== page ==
Liberia’s economy is still struggling to rebound years after the end of the country’s civil war. It struggles with a high unemployment rate. And the Ebola epidemic had also effectively slowed economic growth.
Brumskine said he will leave it up to Vice President Boakai to defend the record of President Sirleaf’s government, which has been in power nearly 10 years.
Nevertheless, he said the vision and programs of a Brumskine government will be different from the Sirleaf government.
“For example, our philosophy of government, we do not believe that government is the solution for everything. We believe that the private sector is the driving force for growth and development in any economy,” Brumskine said.
“We want to make sure that education is dealt with differently by having teachers trained, by creating incentives for qualified people to get into the classrooms for our children and creating a learning environment for them,” he added.
Brumskine stated his government’s health policy would have focused on the clinical aspect as opposed to what it is today.
The former Liberty Party’s standard bearer had a vision for the Liberia constitution, at the time the nation had begun debating amendments to the country’s constitution.
For example, a constitutional convention held in April in central Liberia endorsed an amendment to make Liberia a Christian country.
The delegates approved an amendment limiting terms: presidential office, from six to four years; senators, from nine to six years, and representatives, from six to four years.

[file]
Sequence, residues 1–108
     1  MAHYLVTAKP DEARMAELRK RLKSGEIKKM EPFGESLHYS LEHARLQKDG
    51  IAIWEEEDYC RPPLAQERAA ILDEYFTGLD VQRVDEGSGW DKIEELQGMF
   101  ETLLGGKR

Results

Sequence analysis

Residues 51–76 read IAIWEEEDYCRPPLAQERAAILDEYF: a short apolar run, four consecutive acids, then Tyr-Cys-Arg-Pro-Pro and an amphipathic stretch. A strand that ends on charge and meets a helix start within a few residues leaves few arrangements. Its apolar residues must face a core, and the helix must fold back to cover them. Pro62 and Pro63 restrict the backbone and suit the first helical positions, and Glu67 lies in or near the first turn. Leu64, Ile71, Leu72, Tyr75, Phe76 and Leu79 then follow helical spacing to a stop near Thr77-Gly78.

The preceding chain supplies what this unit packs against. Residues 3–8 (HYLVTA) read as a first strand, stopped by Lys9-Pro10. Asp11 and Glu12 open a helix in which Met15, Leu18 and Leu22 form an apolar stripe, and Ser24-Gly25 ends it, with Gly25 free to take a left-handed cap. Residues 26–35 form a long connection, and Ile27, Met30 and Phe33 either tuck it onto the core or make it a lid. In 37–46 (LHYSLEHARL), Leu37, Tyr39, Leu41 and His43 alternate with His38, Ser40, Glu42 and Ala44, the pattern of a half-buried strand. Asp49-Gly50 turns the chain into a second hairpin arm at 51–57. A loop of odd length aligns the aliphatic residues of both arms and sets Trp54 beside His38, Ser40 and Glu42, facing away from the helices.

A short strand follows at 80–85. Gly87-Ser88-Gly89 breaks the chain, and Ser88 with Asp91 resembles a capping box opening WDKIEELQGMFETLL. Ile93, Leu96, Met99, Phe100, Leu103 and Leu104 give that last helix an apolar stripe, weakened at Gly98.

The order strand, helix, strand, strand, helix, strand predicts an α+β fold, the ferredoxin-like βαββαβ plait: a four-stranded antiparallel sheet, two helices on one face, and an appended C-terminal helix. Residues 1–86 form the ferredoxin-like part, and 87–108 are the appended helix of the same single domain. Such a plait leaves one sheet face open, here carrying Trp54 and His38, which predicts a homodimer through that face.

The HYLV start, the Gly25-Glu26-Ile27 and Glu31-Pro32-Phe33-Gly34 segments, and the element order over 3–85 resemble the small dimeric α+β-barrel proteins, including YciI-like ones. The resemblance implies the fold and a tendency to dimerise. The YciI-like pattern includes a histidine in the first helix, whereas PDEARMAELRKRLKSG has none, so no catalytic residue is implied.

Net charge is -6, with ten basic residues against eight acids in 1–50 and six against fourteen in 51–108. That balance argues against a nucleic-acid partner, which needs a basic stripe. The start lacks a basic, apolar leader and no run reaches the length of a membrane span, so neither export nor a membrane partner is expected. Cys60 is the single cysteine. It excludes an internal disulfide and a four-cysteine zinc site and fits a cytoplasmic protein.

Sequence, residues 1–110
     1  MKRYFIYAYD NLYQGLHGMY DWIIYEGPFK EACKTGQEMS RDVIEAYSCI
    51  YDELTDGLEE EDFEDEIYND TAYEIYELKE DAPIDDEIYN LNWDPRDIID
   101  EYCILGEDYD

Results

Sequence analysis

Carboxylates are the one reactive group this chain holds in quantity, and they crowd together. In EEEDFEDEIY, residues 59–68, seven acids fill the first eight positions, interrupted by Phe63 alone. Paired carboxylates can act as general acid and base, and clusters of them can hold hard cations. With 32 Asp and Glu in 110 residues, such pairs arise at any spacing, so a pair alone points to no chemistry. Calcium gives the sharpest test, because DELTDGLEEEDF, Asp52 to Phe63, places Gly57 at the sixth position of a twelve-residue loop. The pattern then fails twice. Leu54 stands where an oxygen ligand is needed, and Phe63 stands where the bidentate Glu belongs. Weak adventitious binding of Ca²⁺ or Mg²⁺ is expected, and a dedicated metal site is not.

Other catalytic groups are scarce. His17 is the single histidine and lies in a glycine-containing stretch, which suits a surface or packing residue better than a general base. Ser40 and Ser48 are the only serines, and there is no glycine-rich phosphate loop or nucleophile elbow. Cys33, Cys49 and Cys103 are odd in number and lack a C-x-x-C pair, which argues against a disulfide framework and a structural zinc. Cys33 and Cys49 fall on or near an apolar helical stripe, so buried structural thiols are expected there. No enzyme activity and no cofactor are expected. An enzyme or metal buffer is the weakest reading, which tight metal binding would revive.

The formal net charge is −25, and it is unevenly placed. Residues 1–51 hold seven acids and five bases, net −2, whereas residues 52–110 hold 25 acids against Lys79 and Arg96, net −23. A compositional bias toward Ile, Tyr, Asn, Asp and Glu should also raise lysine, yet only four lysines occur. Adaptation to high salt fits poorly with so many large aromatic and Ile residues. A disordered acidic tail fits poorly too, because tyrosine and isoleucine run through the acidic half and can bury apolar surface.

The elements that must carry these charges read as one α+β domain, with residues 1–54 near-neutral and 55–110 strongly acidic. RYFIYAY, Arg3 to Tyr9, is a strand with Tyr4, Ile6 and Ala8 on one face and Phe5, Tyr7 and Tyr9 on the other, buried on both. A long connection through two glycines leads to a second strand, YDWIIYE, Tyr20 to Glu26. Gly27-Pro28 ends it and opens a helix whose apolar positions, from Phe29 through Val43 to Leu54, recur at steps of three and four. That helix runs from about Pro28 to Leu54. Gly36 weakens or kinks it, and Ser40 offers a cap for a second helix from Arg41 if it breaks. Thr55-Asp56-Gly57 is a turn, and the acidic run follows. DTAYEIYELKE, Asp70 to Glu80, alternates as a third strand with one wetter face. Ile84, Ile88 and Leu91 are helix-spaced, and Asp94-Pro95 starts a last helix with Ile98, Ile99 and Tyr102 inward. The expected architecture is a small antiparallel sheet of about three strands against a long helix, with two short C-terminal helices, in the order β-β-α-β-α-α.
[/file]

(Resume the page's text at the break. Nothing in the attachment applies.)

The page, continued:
They also said the superintendents of the 15 counties or political subdivisions should be elected by the people as opposed to be being appointed by the president.
Brumskine said he supports the de-concentration of power to give the average Liberia a chance to have a say in the running of his or her government.
But he said those who support the idea of having superintendents elected by the people should take into consideration the impact it could have on the country’s economy.
“A consideration should be given to whether or not we elect our superintendents because if we were to elect superintendents that would mean the superintendent will not be reporting to the president,” he said.
“If you have superintendents elected, you have to have 15 county legislatures to whom the superintendents will have to report. We may not be able to afford that economically, at least for now,” he added.
However, Brumskine said decentralization can come about if Liberia reinstates the election of city mayors and tribal chiefs.
Cllr. Brumskine also had a vision to combat corruption. A vision that he said would have robustly dealt with it in a form and manner that would have discouraged its practice in the country.
He said his zero tolerant on corruption would have been a disincentive for the menace. But he got defeated in the hands of Weah in his third race for the highest office of the nation.
The Liberty founder unfortunately died of illness with his vision for Liberia after a third defeat in seeking Liberia’s top post. The questions remains: Could Cllr. Charles Walter Brumskine’s Dream change anything in Liberia?